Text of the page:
Begone, Cozy Thoughts

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Today is gray and gloomy, and is the kind of day for curling up on the sofa and watching something set in another time period, preferably produced by the BBC. But it is not that day.

Nope. Today, like the days before it, is for editing.

Yes, I’ve reached that point in the editing process, where escape into someone else’s tidy, edited world sounds much, much nicer than continuing with my own heavy lifting. But if I don’t do it, who will?

We talk about the magic of writing, the flow of writing, which, when you achieve it, is worth twice the price of admission. But we don’t often talk about the work of writing, the grind to get from idea to shining finished product. Not all parts of the process are pretty.

It’s like getting a fish from the water to the table. The steps in the middle aren’t that pleasant, but have to done if you’re going to eat the fish. Not that I’ve ever cleaned a fish. Or eaten a manuscript. I have eaten my words, though I think I may have strayed just a bit from the point here.

Getting a book from concept to finished product is an endurance race, and it’s a race with only yourself. Too many sofa days, and you never get to the end.

So take that, cozy corner.

Have a minute? Watch this video.

Rather read? Check out  Her Cousin Much Removed,  The Great Paradox and the Innies and Outies of Time Management and Aunty Ida’s Full-Service Mental Institution (by Invitation Only) .

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Remember the Point

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As I sat down to write a blog post about, well, writing, I thought about the posts I’ve read about writing, and I thought about all tweets I’ve read about writing, and I came to one conclusion. We writers definitely talk about writing a lot. Like constantly. As though it was an obsession or something.

But then I wondered: how much are we actually writing?

I’m including editing in the scope of the writing process, partially because that’s where I am right now, and partially because you don’t have anything worth reading without editing. So how much are we doing?

When we’re blogging, we could be writing, although if you blog what you write, (hmm, that sounds rather obvious, doesn’t it? But you know what I mean), if you blog the fruit of your labors, then you’re ahead of the game. When we’re tweeting, we could be writing. When we’re breathing, we could be writing.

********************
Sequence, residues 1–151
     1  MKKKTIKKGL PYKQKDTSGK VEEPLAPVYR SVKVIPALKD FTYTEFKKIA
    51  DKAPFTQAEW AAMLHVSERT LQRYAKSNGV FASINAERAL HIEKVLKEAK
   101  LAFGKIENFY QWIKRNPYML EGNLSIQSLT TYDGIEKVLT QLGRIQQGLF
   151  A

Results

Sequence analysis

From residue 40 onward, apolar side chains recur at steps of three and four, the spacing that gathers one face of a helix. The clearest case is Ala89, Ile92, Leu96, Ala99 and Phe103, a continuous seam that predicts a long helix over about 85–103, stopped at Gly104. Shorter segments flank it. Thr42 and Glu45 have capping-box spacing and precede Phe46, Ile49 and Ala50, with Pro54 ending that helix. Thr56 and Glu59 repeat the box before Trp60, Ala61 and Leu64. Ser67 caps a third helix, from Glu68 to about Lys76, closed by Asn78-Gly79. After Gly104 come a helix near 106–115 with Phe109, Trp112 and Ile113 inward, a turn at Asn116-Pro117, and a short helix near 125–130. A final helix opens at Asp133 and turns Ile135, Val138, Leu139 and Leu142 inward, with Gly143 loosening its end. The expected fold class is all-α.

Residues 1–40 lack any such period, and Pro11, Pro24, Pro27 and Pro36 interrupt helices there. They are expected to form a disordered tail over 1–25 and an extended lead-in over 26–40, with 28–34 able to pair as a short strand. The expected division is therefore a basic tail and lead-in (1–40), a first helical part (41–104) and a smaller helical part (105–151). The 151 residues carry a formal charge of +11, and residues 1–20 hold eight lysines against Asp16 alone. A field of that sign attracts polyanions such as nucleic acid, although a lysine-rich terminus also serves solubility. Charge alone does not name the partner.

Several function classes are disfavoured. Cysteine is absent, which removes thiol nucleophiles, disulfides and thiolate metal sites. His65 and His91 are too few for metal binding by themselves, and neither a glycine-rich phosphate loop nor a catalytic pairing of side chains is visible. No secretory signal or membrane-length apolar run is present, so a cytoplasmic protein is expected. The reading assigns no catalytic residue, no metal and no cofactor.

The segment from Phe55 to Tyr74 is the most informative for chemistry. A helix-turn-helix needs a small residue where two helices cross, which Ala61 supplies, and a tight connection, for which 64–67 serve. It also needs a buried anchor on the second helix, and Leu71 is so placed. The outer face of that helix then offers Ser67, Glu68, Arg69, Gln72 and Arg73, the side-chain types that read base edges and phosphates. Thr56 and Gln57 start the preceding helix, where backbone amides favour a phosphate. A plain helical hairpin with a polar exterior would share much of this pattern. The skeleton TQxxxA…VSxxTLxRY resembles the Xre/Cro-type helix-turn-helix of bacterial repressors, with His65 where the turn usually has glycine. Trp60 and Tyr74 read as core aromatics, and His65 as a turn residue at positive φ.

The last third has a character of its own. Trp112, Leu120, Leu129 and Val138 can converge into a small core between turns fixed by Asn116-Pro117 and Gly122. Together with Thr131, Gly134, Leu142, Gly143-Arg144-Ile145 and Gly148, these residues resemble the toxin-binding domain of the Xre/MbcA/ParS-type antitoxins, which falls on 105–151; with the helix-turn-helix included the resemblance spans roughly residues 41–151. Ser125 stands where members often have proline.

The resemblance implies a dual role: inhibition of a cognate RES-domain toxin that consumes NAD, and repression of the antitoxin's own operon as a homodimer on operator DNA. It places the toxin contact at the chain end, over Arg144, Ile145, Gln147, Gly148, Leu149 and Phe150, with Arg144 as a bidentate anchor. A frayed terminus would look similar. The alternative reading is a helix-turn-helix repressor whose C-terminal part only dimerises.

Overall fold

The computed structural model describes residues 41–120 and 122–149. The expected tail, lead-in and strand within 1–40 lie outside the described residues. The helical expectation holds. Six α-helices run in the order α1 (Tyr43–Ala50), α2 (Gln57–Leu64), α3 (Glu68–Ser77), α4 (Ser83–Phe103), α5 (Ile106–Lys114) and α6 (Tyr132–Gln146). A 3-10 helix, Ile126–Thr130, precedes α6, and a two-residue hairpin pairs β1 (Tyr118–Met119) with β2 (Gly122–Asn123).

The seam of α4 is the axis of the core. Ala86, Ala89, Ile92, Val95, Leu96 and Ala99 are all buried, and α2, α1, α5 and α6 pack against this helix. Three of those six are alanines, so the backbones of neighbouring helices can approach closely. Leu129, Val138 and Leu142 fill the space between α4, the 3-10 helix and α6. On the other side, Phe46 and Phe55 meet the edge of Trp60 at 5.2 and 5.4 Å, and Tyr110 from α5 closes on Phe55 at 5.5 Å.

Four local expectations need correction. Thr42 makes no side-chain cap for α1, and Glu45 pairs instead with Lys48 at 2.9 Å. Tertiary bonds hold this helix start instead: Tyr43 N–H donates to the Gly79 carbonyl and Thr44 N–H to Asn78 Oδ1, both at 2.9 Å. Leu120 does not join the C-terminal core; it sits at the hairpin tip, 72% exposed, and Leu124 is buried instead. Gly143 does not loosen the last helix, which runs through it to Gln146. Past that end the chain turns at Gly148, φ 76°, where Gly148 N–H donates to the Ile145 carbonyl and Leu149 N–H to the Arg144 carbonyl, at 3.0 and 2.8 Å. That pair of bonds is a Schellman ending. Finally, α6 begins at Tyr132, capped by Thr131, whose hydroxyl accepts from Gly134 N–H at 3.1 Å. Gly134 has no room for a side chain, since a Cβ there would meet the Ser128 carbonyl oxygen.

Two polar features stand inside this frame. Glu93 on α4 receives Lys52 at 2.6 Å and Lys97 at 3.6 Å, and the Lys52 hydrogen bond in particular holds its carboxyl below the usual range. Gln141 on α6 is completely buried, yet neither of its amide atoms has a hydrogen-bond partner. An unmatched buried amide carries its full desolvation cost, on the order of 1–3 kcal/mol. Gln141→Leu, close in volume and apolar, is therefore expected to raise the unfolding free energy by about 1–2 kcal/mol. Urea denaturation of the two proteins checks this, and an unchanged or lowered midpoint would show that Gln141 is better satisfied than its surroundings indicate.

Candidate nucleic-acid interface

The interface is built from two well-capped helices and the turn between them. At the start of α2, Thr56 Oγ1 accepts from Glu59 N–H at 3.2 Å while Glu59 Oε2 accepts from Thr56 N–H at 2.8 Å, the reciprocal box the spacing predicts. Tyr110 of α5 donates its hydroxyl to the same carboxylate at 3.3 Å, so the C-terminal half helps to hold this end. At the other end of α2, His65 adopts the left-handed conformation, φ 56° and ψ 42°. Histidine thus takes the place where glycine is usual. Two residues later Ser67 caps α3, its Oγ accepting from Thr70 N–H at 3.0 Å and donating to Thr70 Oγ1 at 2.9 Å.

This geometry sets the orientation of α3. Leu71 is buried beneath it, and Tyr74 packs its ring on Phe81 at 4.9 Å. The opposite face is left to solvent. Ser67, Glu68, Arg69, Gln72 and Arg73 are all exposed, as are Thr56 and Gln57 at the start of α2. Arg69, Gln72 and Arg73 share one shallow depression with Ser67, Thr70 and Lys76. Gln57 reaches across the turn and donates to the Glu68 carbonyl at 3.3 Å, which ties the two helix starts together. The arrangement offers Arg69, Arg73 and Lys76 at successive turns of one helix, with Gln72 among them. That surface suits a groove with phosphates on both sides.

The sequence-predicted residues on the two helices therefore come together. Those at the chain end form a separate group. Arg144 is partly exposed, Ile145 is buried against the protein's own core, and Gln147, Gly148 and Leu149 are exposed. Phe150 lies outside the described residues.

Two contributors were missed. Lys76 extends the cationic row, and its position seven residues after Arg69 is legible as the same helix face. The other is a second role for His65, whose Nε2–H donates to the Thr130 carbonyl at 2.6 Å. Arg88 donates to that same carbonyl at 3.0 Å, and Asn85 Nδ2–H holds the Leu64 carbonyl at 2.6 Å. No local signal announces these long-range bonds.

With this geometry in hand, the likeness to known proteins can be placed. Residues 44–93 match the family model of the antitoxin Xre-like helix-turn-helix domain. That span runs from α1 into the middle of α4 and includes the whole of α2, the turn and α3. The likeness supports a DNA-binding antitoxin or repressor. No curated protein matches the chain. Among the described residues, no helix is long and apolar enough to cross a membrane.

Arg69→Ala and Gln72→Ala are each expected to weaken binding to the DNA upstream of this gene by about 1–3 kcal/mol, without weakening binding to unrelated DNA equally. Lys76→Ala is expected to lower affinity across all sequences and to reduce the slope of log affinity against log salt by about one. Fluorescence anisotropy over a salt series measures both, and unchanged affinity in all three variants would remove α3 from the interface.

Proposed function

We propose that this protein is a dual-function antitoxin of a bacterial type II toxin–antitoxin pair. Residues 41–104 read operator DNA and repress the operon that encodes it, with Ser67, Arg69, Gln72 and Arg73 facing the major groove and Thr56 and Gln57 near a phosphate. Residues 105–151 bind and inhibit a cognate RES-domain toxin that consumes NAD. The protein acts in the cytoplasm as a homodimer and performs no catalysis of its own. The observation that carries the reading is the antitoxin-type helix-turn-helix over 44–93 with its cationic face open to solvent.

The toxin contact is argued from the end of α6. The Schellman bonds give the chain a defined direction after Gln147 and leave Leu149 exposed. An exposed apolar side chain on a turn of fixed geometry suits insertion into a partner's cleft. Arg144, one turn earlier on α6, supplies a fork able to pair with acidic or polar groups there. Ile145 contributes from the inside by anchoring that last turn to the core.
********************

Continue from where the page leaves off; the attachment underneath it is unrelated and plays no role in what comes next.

There is the stuff around the writing and the writing itself. It’s so easy to get caught up in the stuff, but it grows and it multiplies until you can’t see the writing for all the stuff.

Remember the writing. That’s what it’s all for. The stuff should be the extra, not the main event, I say blithely as I finish off another blog post.

I’m going, I’m going.

Have a minute? Watch this video.

Rather read? Check out  Her Cousin Much Removed,  The Great Paradox and the Innies and Outies of Time Management and Aunty Ida’s Full-Service Mental Institution (by Invitation Only) .

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Race and Writing

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If you read my work, you might notice that I don’t describe a lot of physical aspects of my characters. I generally give height if someone is unusually tall or short, and maybe any other specifically identifying characteristics, but I tend, as a whole, to leave out hair color, eye color, and, particularly, skin color, unless it is necessary for the story.

Why?

I do it very deliberately. My real-life world is a colorful one. On a daily basis, I interact with people with a wide variety of backgrounds in terms of race, religion, ethnicity, age, nationality, orientation, weight, you name it. I chose the area where I live because of its diversity; it is important to me, as a person, to have diversity around me.

Because of that, in my mind, my books are widely diverse places, stocked with characters of a range of backgrounds. But the way I imagine my characters may not be the way you imagine my characters.

People like to see themselves in the books they read, and so I try to keep their ability to do so as open as I can. The way I envision the skin color of one character may not be the way you do. If it doesn’t matter for the plot, I’d rather let you have your vision, unencumbered by mine. I try to give my characters life through their personalities, through their dialogue, through their choices and actions, and not through the color of their hair or the shade of their skin.

I suppose this works in reverse, too, with people uncomfortable with diversity mentally stripping the color from my imaginary worlds. The reality is that, though I wish everyone saw the world the way I do, not everyone does.

But if it leaves room for a person who doesn’t often see himself or herself represented in literature to find kinship in my pages, then something’s working the right way. I can’t put every kind of person in my books, but if I leave it open enough, you might be able to find every kind of person in my books, and for me, that’s a big win.